Our History

In 1910, a group of local and nationally prominent industrialists, financiers and philanthropists and their associates acquired 144 acres of land, which constitutes the Club and its grounds today. Their aim was to establish a first-rate golf course, along with other recreational facilities, to meet the needs of a growing and increasingly prosperous community: a golf course in which they and future generations of members could take great pride. To achieve their vision, the noted golf course architect Devereux Emmet was engaged to design and oversee construction of an 18-hole golf course.

Today, this exceptionally well-maintained jewel of a course stands in splendid witness to that early vision. Through the years, more recreational amenities have been added to address the needs and interests of the Club's members. Included among them are 4 Har- Tru tennis courts, a 5 court platform tennis facility, past and future host to the American Platform Tennis Association National Championships, and an affiliated Winter Club with an attractive ice skating and hockey complex. These recreational opportunities along with a comfortable and tastefully appointed Club House, offering a range of attractive dining and entertainment options for members and their families.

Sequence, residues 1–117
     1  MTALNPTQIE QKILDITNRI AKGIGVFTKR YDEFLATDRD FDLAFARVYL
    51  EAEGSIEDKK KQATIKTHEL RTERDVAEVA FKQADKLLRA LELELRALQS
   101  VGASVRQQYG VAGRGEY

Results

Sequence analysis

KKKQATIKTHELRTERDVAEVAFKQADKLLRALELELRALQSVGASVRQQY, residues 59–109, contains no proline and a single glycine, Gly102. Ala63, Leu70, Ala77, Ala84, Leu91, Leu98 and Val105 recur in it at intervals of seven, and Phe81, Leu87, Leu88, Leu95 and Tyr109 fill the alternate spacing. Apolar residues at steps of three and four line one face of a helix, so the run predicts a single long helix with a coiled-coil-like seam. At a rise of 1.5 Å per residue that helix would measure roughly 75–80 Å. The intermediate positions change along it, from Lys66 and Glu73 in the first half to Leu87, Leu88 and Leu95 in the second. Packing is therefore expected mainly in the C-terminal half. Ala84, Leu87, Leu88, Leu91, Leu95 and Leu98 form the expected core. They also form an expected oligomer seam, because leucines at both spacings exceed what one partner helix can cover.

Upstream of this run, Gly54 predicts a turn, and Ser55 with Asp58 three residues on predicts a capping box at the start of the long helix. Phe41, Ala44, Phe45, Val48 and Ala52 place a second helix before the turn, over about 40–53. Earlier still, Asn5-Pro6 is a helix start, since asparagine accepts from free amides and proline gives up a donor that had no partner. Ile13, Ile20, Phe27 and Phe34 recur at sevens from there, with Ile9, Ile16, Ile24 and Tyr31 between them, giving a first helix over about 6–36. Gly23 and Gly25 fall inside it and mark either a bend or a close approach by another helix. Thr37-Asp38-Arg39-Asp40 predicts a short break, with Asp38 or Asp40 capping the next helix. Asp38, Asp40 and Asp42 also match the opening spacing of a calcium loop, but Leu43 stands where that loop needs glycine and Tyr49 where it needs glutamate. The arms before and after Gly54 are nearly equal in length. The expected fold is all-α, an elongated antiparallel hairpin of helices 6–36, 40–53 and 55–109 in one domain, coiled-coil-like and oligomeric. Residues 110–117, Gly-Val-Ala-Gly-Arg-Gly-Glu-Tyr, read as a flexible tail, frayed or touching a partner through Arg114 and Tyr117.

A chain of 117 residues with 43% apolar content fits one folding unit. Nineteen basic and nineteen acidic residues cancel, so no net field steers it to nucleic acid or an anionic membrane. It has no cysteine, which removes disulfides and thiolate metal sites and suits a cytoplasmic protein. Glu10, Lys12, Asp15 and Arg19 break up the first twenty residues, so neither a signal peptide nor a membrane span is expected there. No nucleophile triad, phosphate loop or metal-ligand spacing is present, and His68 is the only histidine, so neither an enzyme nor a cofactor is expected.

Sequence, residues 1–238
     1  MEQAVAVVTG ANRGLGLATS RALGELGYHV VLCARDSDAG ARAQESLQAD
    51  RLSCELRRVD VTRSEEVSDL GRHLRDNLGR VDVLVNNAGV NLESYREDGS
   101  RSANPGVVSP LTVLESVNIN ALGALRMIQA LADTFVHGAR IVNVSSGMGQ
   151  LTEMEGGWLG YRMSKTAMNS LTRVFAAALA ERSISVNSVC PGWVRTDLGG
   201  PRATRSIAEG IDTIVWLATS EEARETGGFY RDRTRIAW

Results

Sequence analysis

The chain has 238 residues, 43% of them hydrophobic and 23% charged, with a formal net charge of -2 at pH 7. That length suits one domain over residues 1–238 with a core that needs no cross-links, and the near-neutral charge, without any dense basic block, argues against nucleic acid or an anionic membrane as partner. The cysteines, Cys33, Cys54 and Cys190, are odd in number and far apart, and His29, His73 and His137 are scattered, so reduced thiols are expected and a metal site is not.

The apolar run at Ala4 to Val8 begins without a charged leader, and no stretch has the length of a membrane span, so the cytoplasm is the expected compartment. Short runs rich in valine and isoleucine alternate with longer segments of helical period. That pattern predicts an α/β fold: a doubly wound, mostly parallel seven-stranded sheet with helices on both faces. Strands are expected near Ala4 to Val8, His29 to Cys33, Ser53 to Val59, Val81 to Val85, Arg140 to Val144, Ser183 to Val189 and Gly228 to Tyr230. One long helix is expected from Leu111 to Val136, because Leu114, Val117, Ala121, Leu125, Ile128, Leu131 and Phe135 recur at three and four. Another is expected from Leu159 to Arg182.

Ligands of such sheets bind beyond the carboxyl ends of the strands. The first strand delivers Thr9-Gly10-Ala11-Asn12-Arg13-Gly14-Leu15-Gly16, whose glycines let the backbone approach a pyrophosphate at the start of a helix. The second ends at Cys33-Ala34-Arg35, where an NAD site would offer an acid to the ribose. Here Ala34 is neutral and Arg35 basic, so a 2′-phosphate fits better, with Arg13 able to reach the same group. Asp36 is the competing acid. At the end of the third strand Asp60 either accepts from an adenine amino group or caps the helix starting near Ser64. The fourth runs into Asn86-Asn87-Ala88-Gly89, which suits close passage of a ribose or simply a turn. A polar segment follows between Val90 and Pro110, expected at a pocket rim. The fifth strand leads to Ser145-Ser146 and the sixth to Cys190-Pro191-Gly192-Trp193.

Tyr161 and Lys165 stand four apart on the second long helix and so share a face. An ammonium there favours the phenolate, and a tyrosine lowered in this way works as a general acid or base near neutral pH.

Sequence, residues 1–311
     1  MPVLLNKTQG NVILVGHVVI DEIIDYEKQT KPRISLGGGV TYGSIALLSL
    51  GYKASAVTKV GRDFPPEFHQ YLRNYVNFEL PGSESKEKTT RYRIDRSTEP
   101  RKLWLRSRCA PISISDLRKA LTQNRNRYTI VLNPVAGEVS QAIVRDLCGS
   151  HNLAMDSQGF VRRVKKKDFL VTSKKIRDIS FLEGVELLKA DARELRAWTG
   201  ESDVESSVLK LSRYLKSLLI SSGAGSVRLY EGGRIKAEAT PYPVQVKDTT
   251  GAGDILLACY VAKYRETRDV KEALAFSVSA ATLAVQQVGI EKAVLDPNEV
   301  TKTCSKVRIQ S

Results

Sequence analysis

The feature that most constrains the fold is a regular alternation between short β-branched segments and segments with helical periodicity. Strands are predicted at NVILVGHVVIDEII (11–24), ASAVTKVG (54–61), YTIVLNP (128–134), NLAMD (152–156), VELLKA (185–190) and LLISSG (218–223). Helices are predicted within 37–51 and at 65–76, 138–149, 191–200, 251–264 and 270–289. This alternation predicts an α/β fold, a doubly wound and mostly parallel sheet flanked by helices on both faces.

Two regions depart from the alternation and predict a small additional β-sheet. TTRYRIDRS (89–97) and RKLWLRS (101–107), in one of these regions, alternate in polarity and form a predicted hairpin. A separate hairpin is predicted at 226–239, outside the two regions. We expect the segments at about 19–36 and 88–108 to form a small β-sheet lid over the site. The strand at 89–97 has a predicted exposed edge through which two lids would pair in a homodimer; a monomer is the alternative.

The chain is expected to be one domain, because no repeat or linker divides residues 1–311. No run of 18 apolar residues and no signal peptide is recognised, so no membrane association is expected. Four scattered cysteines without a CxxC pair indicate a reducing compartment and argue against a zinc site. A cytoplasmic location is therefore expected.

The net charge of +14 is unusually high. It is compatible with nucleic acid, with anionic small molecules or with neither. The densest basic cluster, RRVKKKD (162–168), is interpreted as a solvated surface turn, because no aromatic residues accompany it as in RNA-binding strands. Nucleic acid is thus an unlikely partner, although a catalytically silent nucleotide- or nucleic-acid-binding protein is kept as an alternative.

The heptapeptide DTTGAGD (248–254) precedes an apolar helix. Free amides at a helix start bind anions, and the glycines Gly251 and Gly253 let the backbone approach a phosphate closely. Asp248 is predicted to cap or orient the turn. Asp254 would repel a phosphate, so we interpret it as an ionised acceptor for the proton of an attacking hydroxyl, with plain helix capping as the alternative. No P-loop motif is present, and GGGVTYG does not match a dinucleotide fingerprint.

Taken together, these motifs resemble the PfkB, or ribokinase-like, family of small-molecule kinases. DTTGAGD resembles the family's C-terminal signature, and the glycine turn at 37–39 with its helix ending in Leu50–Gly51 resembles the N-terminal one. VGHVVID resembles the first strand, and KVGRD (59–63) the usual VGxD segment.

Since its inception in 1910, Huntington Country Club has remained true to its founding mission: "To promote golf, tennis and other games; to provide sociability and amusement for its members; and to facilitate its members in the pursuit of health and pleasure." That mission is as true today as it was then. It is still a place that is an essential part of the fabric of the community; a place for families to enjoy sports and recreation and to meet friends new and old; a place to shed the day to day cares of the world and enjoy the gracious companionship of fellow members.


In 1910, two newly named Directors, Willard N. Baylis and Timothy S. Williams, acting for the Huntington Club Company, acquired, in their own names, five parcels of land and certain rights-of-way aggregating 143 acres. The Huntington Club Company raised $134,100 in the fall of 1910 for the purchase of the property, the building of the Clubhouse, and the construction of the golf course.

William Matheson